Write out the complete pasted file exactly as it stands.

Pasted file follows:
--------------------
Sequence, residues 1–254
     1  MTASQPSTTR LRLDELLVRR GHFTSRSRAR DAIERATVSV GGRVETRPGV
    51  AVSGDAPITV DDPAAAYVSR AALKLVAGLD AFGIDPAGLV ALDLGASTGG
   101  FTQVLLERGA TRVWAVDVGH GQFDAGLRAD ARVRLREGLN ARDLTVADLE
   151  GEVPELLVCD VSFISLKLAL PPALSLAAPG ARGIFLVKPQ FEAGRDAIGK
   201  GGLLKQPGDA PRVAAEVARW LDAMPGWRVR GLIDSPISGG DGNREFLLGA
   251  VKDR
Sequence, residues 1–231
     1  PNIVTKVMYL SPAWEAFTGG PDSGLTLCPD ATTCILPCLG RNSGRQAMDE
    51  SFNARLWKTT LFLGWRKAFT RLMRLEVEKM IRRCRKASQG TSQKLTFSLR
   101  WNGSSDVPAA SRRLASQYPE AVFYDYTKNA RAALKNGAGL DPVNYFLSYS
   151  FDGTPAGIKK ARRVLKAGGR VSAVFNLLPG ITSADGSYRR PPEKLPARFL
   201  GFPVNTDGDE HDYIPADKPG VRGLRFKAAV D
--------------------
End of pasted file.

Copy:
Sequence, residues 1–254
     1  MTASQPSTTR LRLDELLVRR GHFTSRSRAR DAIERATVSV GGRVETRPGV
    51  AVSGDAPITV DDPAAAYVSR AALKLVAGLD AFGIDPAGLV ALDLGASTGG
   101  FTQVLLERGA TRVWAVDVGH GQFDAGLRAD ARVRLREGLN ARDLTVADLE
   151  GEVPELLVCD VSFISLKLAL PPALSLAAPG ARGIFLVKPQ FEAGRDAIGK
   201  GGLLKQPGDA PRVAAEVARW LDAMPGWRVR GLIDSPISGG DGNREFLLGA
   251  VKDR
Sequence, residues 1–231
     1  PNIVTKVMYL SPAWEAFTGG PDSGLTLCPD ATTCILPCLG RNSGRQAMDE
    51  SFNARLWKTT LFLGWRKAFT RLMRLEVEKM IRRCRKASQG TSQKLTFSLR
   101  WNGSSDVPAA SRRLASQYPE AVFYDYTKNA RAALKNGAGL DPVNYFLSYS
   151  FDGTPAGIKK ARRVLKAGGR VSAVFNLLPG ITSADGSYRR PPEKLPARFL
   201  GFPVNTDGDE HDYIPADKPG VRGLRFKAAV D